I was on stage, the pressure was increasing.
Across from me, Sabrina the Teenage Witch star Melissa Joan Hart stared at me, wanting me to fail.
Finally I said “hair ties?”
The crowd erupted in cheers.
This wasn’t a fever dream triggered by too much Disney+. This was part of my very real experience entering a trivia contest at the last 90’s con in Hartford, Connecticut.
As one of the cast members on the ABC sitcom Boy Meets World from 1993-2000, I was there not just as a guest, but to help bring that era to life for all who attended. While I’m an object of ’90s nostalgia for some people, my time on the show paralleled my teenage years, so I have my own sentimentality about the decade. (My first concert: Weezer; my pager code: 21.)
Organizers say more than 10,000 people attended the ’90s con — there were snap bracelets and trapper keepers everywhere. Thanks to the recurring playlist blasted over the speakers, I heard TLC’s “Waterfalls” more than two dozen times, an experience tempered by meeting actual members of TLC in person.
But the more time I spent there, the more I wondered why the ’90s had such a tight grip on us right now.
I would love to name shows like mine and other 90’s music classics to fashion, endure or find new popularity because of their inherent artistry. But I think there is a simpler explanation. The word I kept hearing at the convention was “consolation,” as in “consolation TV” and “consolation songs.” The 90s are the “comfort decade” that people need nowwhether they experienced it the first time or not.
Attending this convention during the Russian invasion of Ukraine was a reminder that the ’90s have meaning beyond Tickle Me Elmo and JNCO jeans. The period between the fall of the Berlin Wall in late 1989 and the terrorist attacks of September 11, 2001 was a period of largely war-free bliss for America. Domestically, our country was in high spirits technical optimism and Economic expansion. I remember adults around me saying, “There’s no difference between Republicans and Democrats” and being serious.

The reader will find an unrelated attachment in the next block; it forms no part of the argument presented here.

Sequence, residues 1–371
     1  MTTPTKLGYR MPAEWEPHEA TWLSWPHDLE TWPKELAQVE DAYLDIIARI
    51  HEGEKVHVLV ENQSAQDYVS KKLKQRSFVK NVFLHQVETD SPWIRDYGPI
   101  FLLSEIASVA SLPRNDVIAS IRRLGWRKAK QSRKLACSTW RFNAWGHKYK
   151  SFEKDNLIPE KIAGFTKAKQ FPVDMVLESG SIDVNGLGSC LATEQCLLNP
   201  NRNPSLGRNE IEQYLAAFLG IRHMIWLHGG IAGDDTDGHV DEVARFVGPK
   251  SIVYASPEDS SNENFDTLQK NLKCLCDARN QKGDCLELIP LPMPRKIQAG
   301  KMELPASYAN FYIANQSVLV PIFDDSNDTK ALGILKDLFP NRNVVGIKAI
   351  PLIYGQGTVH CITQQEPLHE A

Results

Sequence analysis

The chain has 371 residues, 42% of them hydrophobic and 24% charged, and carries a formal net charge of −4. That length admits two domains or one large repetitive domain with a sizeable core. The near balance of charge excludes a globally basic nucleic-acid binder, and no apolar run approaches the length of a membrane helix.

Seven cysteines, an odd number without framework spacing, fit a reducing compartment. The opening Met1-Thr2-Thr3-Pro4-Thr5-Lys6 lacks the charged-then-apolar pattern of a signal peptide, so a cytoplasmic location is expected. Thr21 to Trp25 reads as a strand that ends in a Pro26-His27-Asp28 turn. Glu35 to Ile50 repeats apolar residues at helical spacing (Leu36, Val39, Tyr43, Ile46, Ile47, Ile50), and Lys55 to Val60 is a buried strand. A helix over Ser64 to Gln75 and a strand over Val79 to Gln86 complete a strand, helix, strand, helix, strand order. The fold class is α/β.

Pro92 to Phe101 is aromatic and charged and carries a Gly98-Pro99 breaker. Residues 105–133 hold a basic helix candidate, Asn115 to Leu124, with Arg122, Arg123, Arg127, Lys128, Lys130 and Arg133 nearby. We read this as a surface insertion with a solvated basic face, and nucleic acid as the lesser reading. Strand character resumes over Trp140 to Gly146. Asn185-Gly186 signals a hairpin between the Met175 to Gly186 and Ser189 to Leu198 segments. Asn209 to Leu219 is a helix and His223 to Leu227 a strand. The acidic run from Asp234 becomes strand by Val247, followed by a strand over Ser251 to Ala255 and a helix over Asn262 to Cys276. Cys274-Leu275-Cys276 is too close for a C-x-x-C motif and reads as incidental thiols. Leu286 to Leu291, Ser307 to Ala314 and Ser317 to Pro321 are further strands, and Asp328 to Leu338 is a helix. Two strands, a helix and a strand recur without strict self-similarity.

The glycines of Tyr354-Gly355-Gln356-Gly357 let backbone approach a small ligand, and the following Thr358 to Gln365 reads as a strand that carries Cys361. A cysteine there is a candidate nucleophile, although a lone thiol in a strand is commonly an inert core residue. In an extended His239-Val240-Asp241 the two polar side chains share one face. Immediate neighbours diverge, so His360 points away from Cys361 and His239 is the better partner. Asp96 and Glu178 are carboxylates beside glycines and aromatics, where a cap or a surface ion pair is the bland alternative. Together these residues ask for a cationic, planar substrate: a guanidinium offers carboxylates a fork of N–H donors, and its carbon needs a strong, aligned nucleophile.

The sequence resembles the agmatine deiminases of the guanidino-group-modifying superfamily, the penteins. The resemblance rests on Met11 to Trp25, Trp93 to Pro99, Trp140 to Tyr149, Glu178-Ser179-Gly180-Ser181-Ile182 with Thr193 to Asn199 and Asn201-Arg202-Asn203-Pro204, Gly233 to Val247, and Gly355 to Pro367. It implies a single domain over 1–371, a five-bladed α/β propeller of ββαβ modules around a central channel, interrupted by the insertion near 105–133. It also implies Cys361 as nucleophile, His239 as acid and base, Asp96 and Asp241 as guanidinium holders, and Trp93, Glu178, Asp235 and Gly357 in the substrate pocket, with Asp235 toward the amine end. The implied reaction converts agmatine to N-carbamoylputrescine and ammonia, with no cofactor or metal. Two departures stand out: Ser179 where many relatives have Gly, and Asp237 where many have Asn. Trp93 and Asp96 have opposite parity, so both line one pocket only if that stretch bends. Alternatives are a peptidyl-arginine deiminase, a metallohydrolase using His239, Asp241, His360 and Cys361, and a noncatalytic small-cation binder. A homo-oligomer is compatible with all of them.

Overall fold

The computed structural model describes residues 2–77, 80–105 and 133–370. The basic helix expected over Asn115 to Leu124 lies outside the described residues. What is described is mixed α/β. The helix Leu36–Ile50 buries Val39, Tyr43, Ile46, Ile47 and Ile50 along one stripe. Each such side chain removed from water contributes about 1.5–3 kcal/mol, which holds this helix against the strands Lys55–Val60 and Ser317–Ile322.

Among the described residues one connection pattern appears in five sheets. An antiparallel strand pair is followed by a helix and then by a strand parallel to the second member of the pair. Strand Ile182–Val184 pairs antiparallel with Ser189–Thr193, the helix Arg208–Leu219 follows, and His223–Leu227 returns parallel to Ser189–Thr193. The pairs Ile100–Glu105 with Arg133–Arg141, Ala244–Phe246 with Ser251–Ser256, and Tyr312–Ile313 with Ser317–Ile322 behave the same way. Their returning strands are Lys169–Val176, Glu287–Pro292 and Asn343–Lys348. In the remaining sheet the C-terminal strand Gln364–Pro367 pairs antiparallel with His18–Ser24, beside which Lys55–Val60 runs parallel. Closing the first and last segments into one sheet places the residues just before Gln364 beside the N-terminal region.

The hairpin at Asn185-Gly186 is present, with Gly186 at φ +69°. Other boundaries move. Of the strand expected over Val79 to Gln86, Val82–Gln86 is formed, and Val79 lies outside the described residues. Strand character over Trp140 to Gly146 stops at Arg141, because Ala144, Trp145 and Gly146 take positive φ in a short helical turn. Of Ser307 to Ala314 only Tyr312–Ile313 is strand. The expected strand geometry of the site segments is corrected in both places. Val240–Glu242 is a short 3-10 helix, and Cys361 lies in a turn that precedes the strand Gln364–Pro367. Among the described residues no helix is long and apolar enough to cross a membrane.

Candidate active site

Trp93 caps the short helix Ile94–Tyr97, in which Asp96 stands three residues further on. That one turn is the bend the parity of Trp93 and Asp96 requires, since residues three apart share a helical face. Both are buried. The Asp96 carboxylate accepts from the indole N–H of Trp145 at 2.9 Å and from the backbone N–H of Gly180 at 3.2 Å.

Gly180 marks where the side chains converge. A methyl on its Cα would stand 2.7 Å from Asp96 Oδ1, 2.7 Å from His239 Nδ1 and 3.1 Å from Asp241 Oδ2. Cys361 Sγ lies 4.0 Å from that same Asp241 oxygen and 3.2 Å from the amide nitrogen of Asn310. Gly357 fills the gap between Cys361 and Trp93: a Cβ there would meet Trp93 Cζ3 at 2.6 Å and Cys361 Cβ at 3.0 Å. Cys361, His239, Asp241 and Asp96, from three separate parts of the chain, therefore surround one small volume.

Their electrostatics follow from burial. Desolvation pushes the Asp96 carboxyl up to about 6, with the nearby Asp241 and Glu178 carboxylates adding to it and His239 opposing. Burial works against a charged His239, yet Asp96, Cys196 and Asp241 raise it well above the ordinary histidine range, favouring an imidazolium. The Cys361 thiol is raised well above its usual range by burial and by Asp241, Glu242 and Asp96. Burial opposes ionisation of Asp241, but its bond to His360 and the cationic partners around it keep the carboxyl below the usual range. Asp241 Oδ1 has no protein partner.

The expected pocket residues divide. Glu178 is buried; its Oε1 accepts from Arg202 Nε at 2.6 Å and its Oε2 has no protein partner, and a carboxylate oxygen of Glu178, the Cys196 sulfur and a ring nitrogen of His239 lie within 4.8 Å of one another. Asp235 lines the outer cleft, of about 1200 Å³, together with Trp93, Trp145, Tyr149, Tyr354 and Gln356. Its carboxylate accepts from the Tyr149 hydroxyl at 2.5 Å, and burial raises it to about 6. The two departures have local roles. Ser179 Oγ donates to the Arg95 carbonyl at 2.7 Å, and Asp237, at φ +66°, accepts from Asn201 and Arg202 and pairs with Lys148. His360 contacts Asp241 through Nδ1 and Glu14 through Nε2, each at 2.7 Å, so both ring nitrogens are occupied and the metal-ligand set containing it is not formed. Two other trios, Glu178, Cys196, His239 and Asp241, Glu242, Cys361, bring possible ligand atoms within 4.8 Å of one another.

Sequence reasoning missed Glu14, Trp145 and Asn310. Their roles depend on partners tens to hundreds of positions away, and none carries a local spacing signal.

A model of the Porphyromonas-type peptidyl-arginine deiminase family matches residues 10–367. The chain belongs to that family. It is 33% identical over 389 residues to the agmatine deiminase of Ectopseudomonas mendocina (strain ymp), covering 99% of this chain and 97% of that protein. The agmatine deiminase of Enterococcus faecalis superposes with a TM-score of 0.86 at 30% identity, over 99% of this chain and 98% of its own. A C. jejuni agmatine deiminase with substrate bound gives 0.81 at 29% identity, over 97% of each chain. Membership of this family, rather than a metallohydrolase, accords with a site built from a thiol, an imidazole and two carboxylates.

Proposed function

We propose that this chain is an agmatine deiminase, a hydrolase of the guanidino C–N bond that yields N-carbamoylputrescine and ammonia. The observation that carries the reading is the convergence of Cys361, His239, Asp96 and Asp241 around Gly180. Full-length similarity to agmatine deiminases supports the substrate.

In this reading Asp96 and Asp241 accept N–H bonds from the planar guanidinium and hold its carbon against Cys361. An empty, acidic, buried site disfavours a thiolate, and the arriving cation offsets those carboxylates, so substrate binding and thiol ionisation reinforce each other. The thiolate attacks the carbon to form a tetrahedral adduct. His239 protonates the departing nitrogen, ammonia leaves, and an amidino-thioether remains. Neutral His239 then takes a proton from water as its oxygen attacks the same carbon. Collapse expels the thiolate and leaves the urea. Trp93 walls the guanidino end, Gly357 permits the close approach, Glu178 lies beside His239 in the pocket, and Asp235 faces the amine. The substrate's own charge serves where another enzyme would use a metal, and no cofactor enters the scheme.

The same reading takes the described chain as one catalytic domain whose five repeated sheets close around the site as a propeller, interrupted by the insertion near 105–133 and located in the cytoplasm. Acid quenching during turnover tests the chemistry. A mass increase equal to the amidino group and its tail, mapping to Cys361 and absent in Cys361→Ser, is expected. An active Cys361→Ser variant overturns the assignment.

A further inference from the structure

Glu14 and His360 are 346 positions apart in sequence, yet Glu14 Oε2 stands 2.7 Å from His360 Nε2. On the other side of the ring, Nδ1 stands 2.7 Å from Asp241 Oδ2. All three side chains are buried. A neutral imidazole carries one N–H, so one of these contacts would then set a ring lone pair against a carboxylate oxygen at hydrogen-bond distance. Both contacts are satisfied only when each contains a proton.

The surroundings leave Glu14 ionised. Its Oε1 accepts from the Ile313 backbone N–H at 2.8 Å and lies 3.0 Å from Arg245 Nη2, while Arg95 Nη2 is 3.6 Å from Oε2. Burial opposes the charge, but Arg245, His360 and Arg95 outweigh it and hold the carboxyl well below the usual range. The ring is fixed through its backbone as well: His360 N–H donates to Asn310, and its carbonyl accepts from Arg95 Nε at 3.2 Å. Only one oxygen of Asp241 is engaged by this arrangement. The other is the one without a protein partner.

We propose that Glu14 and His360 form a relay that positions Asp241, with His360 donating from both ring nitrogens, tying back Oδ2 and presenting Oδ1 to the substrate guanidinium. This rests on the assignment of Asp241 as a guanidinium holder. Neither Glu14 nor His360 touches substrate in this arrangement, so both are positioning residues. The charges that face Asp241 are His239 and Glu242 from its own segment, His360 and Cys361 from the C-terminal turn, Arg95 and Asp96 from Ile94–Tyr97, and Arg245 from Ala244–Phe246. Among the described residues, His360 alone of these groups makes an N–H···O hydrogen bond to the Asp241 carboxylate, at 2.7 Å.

It was also the last gasp of a time when we all seemed to be watching the same shows, listening to the same music, and seeing the same people in magazines. While breaking up the monoculture is for the best – this makes room for more voices, more flavor and more representation – I’ll admit I miss the convenience in connectivity it offers. In today’s meme-a-minute world, finding cross-generational touchstones to build a community beyond a niche can be difficult. I may remember 2021 as the year of The Underground Railroad while you were busy watching Loki. But when I say “yada yada,” probably just about every American who had a television in 1997 (and the millions who caught “Seinfeld” in syndication in the years that followed) will probably smile.
Sharing a past or celebrating aspects of an era you didn’t even participate in brings people together. And while it’s important to confront the blind spots and pitfalls of the past, it’s also valuable (and fun) to forge communities. We don’t go to a Renaissance faire to burn witches and reenact colonial invasions. We wear tunics, eat turkey drumsticks, and speak with bad English accents. We leave to relive the weird, wonderful, and frivolous bits of a bygone era.
During my weekend at the ’90s Con, the frivolous definitely came first. There was a lot of neon colors, tamagotchis, and attempts to accurately reproduce the sound of a dial-up modem. No one mentioned the LA riots, the Clinton scandals, or Rwanda.
Lenin once said, “There are decades when nothing happens, and there are weeks when decades happen.” In many ways, the 1990s feels like a decade when nothing happened. Or rather, a decade in which people my age, trapped in the naivety of youth and sheltered by the denial of baby boomers, could live as if nothing had happened. A serious reassessment of our optimism and pride for this period is long overdue… but not at the ’90s Con.
Instead, it was time to experience the warm, irrelevant glow of escapist nostalgia. “Winning” this trivia contest by declaring which Spice Girl I would be (baby, whatever that means). It was banal, and banality was the point.
To paraphrase a wise song from my youth, sometimes you don’t want to chase a waterfall but stick to the rivers and lakes you’re used to.
Rider Strong is a director and writer. He is the co-host of the Literary Disco podcast.
https://www.latimes.com/opinion/story/2022-03-17/op-ed-rider-strong-90s-nostalgia-boy-meets-world Op-Ed: Rider Strong: Being part of the 90s con helped me understand 90s nostalgia